OM: Yoga off the Mat

by OneTaste Living Library  Feb 28, 2012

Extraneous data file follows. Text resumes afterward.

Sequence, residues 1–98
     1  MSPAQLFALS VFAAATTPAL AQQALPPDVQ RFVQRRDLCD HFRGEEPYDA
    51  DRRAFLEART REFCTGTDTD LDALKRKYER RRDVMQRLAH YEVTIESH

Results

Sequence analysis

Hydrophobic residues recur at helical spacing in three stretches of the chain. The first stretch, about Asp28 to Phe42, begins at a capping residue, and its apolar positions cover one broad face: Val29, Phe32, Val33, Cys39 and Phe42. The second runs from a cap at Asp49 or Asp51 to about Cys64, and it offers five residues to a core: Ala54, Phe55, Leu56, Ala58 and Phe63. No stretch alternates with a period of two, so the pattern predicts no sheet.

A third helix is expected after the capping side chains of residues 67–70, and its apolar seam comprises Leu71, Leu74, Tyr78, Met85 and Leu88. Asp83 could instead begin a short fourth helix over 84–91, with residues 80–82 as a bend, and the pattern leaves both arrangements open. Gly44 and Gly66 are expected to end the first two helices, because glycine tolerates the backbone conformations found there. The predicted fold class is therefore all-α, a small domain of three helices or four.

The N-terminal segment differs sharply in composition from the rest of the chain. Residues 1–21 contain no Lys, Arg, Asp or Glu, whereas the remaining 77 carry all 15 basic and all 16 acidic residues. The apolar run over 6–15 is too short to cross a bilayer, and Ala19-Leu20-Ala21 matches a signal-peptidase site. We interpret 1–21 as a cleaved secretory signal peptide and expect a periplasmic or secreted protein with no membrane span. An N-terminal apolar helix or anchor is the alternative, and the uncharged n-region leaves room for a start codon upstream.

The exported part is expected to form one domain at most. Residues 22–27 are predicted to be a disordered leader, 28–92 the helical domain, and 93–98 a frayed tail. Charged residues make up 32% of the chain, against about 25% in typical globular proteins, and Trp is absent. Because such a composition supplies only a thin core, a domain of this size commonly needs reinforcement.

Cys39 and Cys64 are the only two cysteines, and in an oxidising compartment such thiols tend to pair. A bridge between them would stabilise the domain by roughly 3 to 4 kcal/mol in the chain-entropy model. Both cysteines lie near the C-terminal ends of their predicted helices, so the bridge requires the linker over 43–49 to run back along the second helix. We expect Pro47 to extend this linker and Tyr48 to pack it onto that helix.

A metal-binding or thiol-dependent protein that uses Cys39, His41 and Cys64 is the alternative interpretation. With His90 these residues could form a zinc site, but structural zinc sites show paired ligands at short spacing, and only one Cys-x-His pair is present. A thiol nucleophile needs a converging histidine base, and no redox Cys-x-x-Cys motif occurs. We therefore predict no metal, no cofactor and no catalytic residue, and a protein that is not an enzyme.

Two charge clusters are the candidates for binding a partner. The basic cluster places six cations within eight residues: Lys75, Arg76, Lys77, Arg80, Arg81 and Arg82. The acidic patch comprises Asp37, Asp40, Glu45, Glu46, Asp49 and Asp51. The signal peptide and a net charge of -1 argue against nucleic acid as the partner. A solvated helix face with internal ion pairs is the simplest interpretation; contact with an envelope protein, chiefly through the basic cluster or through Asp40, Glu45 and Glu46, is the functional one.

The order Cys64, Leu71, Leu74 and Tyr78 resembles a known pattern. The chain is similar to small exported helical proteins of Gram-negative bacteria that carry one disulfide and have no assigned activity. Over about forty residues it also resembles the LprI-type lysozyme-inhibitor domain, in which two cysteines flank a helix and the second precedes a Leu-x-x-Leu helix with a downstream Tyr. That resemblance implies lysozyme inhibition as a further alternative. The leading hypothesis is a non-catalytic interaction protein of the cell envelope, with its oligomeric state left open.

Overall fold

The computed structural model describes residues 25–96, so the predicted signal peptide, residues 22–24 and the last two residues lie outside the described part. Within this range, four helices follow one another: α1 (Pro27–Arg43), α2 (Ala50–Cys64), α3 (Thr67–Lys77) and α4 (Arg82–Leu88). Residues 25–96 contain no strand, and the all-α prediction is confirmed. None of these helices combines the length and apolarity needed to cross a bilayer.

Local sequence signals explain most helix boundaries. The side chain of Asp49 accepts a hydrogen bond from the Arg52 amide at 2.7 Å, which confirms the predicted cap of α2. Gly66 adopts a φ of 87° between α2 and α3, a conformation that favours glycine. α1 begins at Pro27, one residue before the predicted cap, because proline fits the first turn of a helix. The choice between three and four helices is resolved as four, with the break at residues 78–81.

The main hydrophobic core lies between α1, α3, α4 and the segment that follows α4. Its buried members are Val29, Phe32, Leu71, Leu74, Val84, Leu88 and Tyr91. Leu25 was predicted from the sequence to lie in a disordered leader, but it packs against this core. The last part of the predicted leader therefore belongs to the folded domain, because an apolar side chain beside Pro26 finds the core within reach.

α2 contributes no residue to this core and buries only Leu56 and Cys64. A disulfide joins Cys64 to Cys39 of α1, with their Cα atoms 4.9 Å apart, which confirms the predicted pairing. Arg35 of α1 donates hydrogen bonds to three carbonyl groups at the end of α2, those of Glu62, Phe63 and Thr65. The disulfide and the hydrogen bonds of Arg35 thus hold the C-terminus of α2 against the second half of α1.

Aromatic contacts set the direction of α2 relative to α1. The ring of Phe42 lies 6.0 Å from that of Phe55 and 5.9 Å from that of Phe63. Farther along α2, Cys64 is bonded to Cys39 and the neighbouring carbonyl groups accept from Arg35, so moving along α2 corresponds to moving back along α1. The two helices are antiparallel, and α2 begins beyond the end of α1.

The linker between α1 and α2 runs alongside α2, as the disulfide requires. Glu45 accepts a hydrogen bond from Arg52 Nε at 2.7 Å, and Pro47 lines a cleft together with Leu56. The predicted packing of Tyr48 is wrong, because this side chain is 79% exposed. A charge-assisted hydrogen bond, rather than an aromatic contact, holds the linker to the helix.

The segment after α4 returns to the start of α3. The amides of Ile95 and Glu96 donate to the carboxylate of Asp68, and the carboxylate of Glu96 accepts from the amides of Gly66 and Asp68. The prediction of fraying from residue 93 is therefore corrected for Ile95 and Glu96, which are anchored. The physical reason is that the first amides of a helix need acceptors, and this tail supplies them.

nnBy Sasha K.nnOur goal at OneTaste is to make Orgasmic Meditation (OM) as widespread and practiced as a spiritual path as yoga has become today. Once upon a time, yoga too was seen as deviant and taboo. Both yoga and OM are paths toward creating greater connection with the self and others. Kati Brennan has been teaching yoga for ten years; she’s been practicing OM now for over a year and now she is an OM Trainer and OneTaste Coach Intern completing her training at OneTaste. Yoga teachers often talk about “yoga off the mat.” Kati believes, one of the most useful fields for yogis to expand their yoga game, is in OM. She has some fascinating reflections on the connections between yoga and OM.nnWhat drew you to OM?nnMy partner Greg heard about OneTaste. We did a private session with trainers to learn about OM. Right away OM felt like a real fit for me. We had done work with tantra and couples retreats but this practice felt different. The OM practice helped mellow out our relationship to a place where we could understand each other better.nnWhat made OM such a fit?nnI liked that the OM practice was expectation-less in terms of my experience. I liked that I could fully receive in the safe container created by OM. I liked the invitation for me as a woman to start mining into my desires, into what I actually wanted.nnHow did OM affect your relationship?nnWe communicate a lot better and fight a lot less. We have more common ground where we understand each other. It helps us connect on a somatic, body-based level. Because OM is a body based meditation practice, it automatically makes you pay close attention to what is going on in your body from moment-to-moment, and that breaks through a lot of mental stuff.nnBeing in a state of orgasm regularly, helps me unhook from my same old stories about Greg. That kind of “Oh they always do this” - stuff in a relationship. Drastically shifting the way I feel in my body allowed for new patterning in my mind. In yoga we call that samskara: grooves that are etched in our minds, and the more often we visit them, the deeper they get. Samskara are understood to be difficult to change. There is something about getting more in your body through OM that allows for new grooves to form, and old ones to fade.nnAhimsa, non-harming, is the first teaching of yoga, the prerequisite to every other practice. OMing helped Greg and I become better practitioners of ahimsa. OM helps us learn to request what we want directly, without complaining, shaming the other, creating a covert deal to get what we want, or resenting each other when we don't get it. We create an agreement in which we're lifting each other up rather than dragging each other down. We create greater trust, and manage some of that fight-or-flight reactivity that could come up when there's no communication.nnWhen it comes to desire, what do you see as commonalities between OM and yoga?nnIf you trace the hundreds of styles of yoga in our country to the first place they fork off, on one end you have classical yoga traditions and on the other there are tantric yoga traditions. For classical yogis it is all about overcoming desire. Desire is something to be conquered so that you can get to a space free of physical urges. In tantra yoga, we take what is edgy, the intense, hard-to-cope-with stuff, and turn the volume up to create churning and agitation that can be fuel for transformation in your life.nnAs I dug more into the classical yoga texts, Bhagavad Gita, Yoga Sutra, Upanishads, and certain tantric texts, it seemed to me we had misunderstood the teachings about desire. When the texts are railing about desire they are railing against desiring low-hanging fruit. The problem is not that we want stuff; it is that we want too little. Our senses are grasping after the low-hanging fruit, stuff like shoe shopping, chocolate, mindless sex and gossip.nnOM initially seems to be that you are grasping after low-hanging fruit, but when you start practicing it you start running out to the edge of what you actually want; what you feel hungers for change. Something that seems so sexy and as sensually gratifying as OM is a mechanism for pointing you in a direction of a much bigger game. That desire for a bigger game is desire for freedom.nnCan you say more about the much bigger game?nnSince OMing I have been less satisfied with sensory gratification and more curious about how to be of service, to be useful to the world around me. This practice that seems sexy and hot is not at odds with this other desire to be of service. Actually, just like any meditation, OM is a means toward pointing you what you are really here for.nnWhat else should people know about yoga and OM?nnYoga is unique among schools of philosophy in India; that one's own unique experience is the best means to valid knowledge. It’s not that what your teachers say is not important, but that your own direct experience is primary. Before we start listening to anyone who says anything about repressing desires, we can do well to get curious about our desire, to experience it directly, to start to distinguish between which desires are serving us and which are not. I don’t know anybody who, in a long-term way has cut off sex completely and is otherwise well adjusted. Long-term, life-long, sexual repression is a dangerous thing. We see that in yoga as much as in the Catholic Church. Dangerous in the sense that it doesn’t free you, it creates angst within you.nnFor the typical yogi who knows nothing about OM, what would you say to her or him?nnPay attention to your desire. Be curious about any desire; don’t act on them all, but attend to them. When we go unconscious about desire we start messing ourselves up. Be discerning, cultivate that discernment.nnAny last thoughts for yogis?nnOM is one of the most interesting fields to play your yoga game in. Its a game of freedom and connection. A game aiming towards not seeing yourself as separate from anything.nn nnOM is yoga off the mat. Even in the most classical and ascetic of yoga texts, even in writing for monks who live in caves, the first practice is often about how we relate to each other. We spend most of our lives in the presence of others. OM is the yoga of how we relate to one another, how much more important could that be for us?